Ten bits of advice from someone without a clue – the Neil Kulkarni guide to being a record-reviewer...
Words: Neil Kulkarni
1. Love language. To the point where you wonder where it stops and you begin.
2. Realise where you stand. Not in relation to the record but in relation to the record business. You’re something less than the shit crapped out by the maggot that feasts on the shit crapped out by the rabid dog that is the music biz – if at any point you start thinking that what you are doing ‘matters’ in a bizness sense you’re fucked, if at any point you reckon you’re anything more than a piddling-peon in place to rubber-stamp or reject product, then think again. The biz will use you if you say what they want, if you don’t they won’t – be mentally clear about your own utter irrelevance before you even start or be ready for a steady diet of disappointment your whole working life. Might seem such pre-emptive knee-chopping action on your ambition might wither the writing down to meekness – quite the reverse: only by first accepting your inability to change pop, your lonely impotence amid the cogs and gears, do you realise that your words shouldn’t be measured, considered, or anything approaching reasonable. The self-abasing degrading shame of being a critic doesn’t paralyse, it frees you up to write what the fuck you want rather than what you feel the ‘job’ demands, disconnects you from anything approaching favours, but keeps your overarching pomposity (for if you don’t have this what the fuck are you doing being a writer anyhoo?) in check. You have no favours to grant, no friends to keep, no partner to find, absolutely nothing to lose except your own idea of yourself, your own relationship with your style, taste and ego. This has nothing to do with whatever PR has sent you the record, whatever ‘readership’ your publisher is aiming for or any ‘help’ you can give to a band or artist you deem worthy of your reverse-Midas messing. This is between you and the plastic and the mirror you have to look at yourself in and nothing else. There is no career ladder. Only a downward spiral from the first thrill of seeing your name in print.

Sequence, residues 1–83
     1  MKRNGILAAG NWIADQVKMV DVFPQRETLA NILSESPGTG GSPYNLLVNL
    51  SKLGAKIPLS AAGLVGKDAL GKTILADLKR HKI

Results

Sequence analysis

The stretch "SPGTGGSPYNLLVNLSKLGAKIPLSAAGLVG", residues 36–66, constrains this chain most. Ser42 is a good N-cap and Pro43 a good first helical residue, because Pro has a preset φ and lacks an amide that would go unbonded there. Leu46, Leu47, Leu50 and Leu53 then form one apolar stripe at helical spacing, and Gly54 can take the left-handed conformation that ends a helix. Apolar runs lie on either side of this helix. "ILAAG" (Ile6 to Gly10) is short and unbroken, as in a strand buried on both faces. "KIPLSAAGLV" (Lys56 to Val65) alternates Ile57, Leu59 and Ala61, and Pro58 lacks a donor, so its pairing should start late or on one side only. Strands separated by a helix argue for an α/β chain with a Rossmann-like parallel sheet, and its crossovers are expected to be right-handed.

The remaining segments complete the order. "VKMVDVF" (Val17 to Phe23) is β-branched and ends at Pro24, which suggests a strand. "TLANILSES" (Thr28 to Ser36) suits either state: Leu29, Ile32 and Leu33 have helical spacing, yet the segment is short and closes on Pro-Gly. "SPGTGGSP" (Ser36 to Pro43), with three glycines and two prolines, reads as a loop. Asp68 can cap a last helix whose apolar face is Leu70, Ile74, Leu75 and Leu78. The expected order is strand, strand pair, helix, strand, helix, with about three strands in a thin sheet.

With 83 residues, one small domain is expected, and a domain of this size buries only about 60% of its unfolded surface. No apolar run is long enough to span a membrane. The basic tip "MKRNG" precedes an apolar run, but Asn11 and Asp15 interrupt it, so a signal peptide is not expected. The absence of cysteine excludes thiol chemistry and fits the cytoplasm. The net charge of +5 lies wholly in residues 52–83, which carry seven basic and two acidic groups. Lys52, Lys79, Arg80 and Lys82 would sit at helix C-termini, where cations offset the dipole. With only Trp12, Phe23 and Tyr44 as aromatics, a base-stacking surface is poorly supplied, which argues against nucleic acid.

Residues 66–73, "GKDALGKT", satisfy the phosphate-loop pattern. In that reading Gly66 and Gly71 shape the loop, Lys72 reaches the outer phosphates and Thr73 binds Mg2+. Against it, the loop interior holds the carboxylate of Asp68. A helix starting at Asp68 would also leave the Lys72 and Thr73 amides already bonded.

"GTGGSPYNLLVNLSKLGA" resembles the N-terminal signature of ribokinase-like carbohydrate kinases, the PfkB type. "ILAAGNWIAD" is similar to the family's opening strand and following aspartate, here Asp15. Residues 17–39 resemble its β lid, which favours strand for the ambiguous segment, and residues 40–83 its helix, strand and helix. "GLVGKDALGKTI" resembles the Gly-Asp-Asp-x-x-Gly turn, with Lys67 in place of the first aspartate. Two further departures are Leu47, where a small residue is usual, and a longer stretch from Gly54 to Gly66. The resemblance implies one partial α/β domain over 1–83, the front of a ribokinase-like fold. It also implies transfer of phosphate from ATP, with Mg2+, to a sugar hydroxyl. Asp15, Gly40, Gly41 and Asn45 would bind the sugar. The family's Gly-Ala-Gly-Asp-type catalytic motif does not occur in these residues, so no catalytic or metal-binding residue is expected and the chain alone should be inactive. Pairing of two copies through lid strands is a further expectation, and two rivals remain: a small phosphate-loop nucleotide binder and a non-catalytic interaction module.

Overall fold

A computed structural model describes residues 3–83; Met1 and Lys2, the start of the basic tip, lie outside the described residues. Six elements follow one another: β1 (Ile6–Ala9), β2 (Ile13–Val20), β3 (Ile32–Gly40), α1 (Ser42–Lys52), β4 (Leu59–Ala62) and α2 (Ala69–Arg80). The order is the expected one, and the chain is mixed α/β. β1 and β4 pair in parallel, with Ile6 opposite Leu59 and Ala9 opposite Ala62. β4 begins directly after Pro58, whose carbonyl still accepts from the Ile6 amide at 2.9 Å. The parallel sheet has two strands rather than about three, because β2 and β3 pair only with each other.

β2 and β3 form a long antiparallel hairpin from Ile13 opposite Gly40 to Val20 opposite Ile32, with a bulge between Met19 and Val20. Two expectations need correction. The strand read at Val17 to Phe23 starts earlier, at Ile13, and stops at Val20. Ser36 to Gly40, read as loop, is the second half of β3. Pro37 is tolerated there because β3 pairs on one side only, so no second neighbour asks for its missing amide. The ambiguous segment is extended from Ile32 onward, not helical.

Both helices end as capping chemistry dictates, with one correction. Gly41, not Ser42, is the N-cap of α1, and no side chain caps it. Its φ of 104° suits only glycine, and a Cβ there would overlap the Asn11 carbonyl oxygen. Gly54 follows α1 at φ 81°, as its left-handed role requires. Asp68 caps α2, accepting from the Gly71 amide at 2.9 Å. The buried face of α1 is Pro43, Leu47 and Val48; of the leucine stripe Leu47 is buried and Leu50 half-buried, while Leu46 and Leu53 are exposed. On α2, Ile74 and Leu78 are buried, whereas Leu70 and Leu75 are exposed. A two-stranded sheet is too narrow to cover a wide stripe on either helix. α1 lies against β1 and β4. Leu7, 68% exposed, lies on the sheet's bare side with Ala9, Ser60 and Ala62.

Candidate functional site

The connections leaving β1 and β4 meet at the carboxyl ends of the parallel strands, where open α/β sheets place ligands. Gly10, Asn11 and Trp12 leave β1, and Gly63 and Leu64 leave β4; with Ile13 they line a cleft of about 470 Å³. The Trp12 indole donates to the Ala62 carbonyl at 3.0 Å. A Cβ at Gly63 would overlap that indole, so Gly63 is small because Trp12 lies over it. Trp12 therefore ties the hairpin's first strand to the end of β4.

3. Be honest about your own dishonesty. Don’t lie, or at least make damn sure your lies are real. Delusions of grandeur aren’t gonna fly unless they’re not delusions, unless you can make the words vibrate with enough energy to create yourself the illusion of godliness. Tricky thang to create – conviction, the feeling reading that no matter how purple the prose it is still ineluctably connected with the life and soul of the writer. But record reviews are not really places to ‘affect’ anything – make sure your affectations are life-sized and real before you start unpacking them across the page. If you’re going to be a primping self-obsessed prima donna in print then make damn sure that self-image is intact and whole and the drama you’re throwing out and around yourself is rock solid, is firmly based in the time and space you find yourself right fkn now. If you’re going to shame yourself do it shamelessly. If you don’t regret what you’ve written after you’ve written it, or find in revisiting past work an occasional INTENSE embarassment (and equally intense pride) you’re probably not doing your job properly. But if ALL you feel is a faint embarrassment (and equally faint pride) then you’ve been writing needily, you’ve been writing to get friends you’re never going to meet, and you’re the next editor of the NME. Congratulations.